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海兵隊が、犠牲者の家族15人にそれぞれ2,500ドルを支払ったことが調査の焦点となっている。海兵隊のスポークスマンは支払い自体があったことは認めているが、「法的責任や過失を認めたものではない」としている。（A Marine headquarters spokesman said payments were made but said they were "not an admission of legal liability or fault."）
（"The payments raise a lot of questions," said retired Rear Adm. John Hutson, a former senior Navy lawyer. "If this is the misdeed of insurgents" in setting off a roadside bomb, "then why is the U.S. paying for it?" Hutson asked. "You have to wonder if this is hush money."）
Dollars for silence? Marine hush money probe
WASHINGTON - The investigation of an alleged Marine massacre of 24 civilians in Haditha last year has focused on whether cash payments to the families of victims were part of a coverup, sources said yesterday.
Iraqi charges that the Marines offered hush money have also figured in a separate investigation of the shooting death of a disabled Iraqi man in the Baghdad suburb of Hamdaniyah on April 26.
Gen. Michael Hagee, the Marine commandant, said yesterday, "I am gravely concerned about the serious allegations concerning actions of some Marines at Haditha and Hamdaniyah."
The approval by officers of $2,500 payments to the families of 15 victims in the Nov. 19 Haditha incident has been the main focus of a coverup investigation by Army Maj. Gen. Eldon Bargewell, military and congressional sources said.
The Marines initially reported that the 15, including five girls ages 3 to 14, were killed by an insurgent's roadside bomb, but they were all later found to have died of gunshot wounds.
A Marine headquarters spokesman said payments were made but said they were "not an admission of legal liability or fault."
"Authority to approve such payments is normally held at the regimental level, but may be delegated to battalion commanders," the spokesman said.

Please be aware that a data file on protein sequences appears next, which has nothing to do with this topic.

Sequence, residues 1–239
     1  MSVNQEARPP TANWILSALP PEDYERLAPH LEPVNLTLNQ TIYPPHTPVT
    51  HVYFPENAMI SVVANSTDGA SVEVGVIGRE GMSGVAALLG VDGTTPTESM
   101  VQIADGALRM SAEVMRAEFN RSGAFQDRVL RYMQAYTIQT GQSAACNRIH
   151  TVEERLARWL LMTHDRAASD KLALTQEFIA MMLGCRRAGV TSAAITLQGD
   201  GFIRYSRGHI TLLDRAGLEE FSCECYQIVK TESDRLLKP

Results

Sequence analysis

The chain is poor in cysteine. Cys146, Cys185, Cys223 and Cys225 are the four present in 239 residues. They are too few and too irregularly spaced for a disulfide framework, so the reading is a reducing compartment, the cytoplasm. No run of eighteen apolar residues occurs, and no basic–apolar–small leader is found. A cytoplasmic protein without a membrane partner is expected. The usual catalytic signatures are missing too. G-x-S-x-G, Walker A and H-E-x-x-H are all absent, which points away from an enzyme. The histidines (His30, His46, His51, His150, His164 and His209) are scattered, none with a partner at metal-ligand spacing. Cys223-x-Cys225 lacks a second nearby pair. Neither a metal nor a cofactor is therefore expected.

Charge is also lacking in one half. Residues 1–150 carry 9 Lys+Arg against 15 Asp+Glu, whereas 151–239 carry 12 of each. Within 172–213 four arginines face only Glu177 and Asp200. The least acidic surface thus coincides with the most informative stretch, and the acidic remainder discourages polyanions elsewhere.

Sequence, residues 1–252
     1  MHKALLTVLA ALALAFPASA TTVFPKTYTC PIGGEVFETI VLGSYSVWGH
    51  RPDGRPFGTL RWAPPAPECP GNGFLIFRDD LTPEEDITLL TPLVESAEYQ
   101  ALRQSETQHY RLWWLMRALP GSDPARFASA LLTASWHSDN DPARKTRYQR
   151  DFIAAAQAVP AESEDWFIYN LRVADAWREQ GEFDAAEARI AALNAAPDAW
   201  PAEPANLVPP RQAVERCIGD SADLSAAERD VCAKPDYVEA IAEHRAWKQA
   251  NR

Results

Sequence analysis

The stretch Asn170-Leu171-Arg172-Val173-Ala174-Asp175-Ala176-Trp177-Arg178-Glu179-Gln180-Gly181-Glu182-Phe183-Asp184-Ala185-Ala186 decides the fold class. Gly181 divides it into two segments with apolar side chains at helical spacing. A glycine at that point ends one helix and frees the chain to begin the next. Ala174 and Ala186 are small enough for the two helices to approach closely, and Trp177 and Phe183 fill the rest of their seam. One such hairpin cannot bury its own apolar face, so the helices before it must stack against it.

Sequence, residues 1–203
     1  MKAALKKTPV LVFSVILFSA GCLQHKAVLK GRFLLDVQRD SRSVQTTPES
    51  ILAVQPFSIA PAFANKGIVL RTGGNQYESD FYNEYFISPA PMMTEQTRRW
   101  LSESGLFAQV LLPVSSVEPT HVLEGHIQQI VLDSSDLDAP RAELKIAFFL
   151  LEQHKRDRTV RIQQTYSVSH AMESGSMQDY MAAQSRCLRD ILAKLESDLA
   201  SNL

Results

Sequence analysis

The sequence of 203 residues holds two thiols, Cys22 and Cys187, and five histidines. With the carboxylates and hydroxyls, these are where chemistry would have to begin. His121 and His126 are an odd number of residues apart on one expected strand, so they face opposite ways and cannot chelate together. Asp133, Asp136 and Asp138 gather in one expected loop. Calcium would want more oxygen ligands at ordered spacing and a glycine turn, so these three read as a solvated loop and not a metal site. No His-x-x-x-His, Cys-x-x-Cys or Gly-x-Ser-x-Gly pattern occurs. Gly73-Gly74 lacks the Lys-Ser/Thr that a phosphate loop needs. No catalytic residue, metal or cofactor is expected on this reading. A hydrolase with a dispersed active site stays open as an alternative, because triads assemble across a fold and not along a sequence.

In the Haditha case, "There's a gap in the whole narrative, you just don't give them a bag of money" without officers concluding that the Marines bore some responsibility, said Catholic University Law Prof. Michael Noone, a former Air Force lawyer.
Noone said the cash payments made about a month after the shootings suggested that the command knew of possible wrongdoing well before the Naval Criminal Investigative Service began looking into the case in February.
"The payments raise a lot of questions," said retired Rear Adm. John Hutson, a former senior Navy lawyer. "If this is the misdeed of insurgents" in setting off a roadside bomb, "then why is the U.S. paying for it?" Hutson asked. "You have to wonder if this is hush money."
At a Pentagon briefing on his recent tour of Iraq, Hagee said Marine morale was high but at least one noncommissioned officer told him of being shaken by the allegations that Marines killed civilians in Haditha.
"Sir, that's not what we do, that's not what we're about," Hagee quoted the NCO as saying. "I want to know what senior leadership is doing, and I want to know what we can do about that," the NCO said.
Originally published on June 8, 2006
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